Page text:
Ocean Leader Betty Jahateh organized a cleanup of the River Gambia with over 70 volunteers
The River Gambia stretches for 700 miles through West Africa, its banks bursting with mangroves and lush rice paddies. It is the source of life and livelihood for the millions of people that depend on it. It is constantly under threat from pollution.
The nation of The Gambia is defined by the river from which it takes its name. The country occupies a sliver of coastline around the mouth of the largest estuary in West Africa, and its border snakes inland along the river.
Betty Jahateh lives along this river. A member of the GREAT Institute (which focuses on the river’s health), Betty works to protect the river that supplies her country with life. Where the river meets the sea, a complex ecosystem is balanced on the backs of mangrove trees, oysters and fish. All of these organisms are threatened by the presence of humans and the pollution we produce.
Four times a year, the Gambia Ocean Heroes, led in part by Betty, organize a cleanup of the nation’s entire coastline. Because the coastal border of The Gambia is relatively small, only about 43 miles, Betty’s group can keep a vigilant eye on the presence of pollution at this critical meridian.
Over the last three years, her group’s efforts have removed 339 tonnes of trash from the beach. Spurned on by the community’s enthusiasm for conservation, Betty set her sights inland towards the riverbanks of the Gambia. She decided to use her organizational expertise and conservationist zeal to clean up the inland shores.
Gambia Ocean Heroes is a volunteer-run organization, so Betty applied for funding from SOA to host the event.
“Having SOA fund our first ever river cleanup will add value to the lives of people that depend on the River Gambia and add value to the actions of Gambia Ocean Heroes.”
On Saturday, 6th of March, Betty and her team took to the shores and began picking up 12 tonnes of rubbish. Cleanups are a straightforward, direct approach to tackling the problem of pollution. They leave an immediate impact on the environment, and can be an inspiring rallying call for the community at work. Removing 12 tonnes of waste from the river’s edge saves millions of organisms from the pressures of overpopulation.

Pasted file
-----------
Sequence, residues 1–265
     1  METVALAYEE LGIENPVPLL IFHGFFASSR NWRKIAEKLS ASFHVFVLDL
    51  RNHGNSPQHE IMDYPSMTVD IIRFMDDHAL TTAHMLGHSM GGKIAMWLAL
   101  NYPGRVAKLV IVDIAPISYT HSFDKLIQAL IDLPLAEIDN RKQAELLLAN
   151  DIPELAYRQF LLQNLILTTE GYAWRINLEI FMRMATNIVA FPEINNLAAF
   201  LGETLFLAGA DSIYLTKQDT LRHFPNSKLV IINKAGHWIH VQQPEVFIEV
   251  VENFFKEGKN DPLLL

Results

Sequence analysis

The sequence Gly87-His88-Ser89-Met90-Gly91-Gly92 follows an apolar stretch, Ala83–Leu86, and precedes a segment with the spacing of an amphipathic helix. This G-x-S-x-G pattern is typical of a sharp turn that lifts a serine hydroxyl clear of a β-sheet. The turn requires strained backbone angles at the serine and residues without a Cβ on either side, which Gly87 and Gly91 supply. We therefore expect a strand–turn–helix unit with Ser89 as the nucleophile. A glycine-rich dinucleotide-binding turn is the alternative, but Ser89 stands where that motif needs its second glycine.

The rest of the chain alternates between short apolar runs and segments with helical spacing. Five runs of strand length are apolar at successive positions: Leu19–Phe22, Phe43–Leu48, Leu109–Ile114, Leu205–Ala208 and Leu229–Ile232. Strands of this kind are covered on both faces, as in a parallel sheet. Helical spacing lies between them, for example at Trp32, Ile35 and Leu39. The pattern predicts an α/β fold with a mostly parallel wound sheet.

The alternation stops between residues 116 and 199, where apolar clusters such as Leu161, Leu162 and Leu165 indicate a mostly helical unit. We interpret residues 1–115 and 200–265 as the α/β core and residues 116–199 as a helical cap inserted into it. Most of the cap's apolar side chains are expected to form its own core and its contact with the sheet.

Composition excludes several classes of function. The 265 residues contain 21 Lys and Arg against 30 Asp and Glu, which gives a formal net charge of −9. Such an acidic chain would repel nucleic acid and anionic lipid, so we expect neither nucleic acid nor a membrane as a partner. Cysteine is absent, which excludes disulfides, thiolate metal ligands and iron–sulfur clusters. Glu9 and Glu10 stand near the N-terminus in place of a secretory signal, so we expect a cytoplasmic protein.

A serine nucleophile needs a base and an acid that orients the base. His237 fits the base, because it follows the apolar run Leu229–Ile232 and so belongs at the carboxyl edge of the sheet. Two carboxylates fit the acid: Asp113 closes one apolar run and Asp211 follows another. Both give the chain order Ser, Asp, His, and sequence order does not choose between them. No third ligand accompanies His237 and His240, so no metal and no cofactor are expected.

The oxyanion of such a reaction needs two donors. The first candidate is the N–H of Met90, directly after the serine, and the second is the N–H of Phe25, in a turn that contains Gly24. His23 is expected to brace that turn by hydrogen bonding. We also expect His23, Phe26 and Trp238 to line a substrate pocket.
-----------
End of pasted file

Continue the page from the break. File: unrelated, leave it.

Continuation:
The coastal cleanups have been hugely successful, and the Ocean Heroes are “excited to expand efforts to rivers.” Dealing with pollution on the beach is only part of the problem. Even if a beach is clean, a rice farm just a kilometer inland will still bear the full brunt of a polluted river.
The estuary area, where the river meets the sea, is a hotbed of diversity and a cornerstone of the local economy. Wading birds hunt slender fish as they dart through weeds in the open marsh. Bunches of oysters are hauled into boats by the strong hands of a female-dominated oyster harvesting force. The estuary, the river, and the sea all support human life in the area, and are all threatened by human life in the area. Betty and the Gambia Ocean Heroes are ensuring that their impact on the great river is a healthy one, and they remain committed to a sustainable future for The Gambia.
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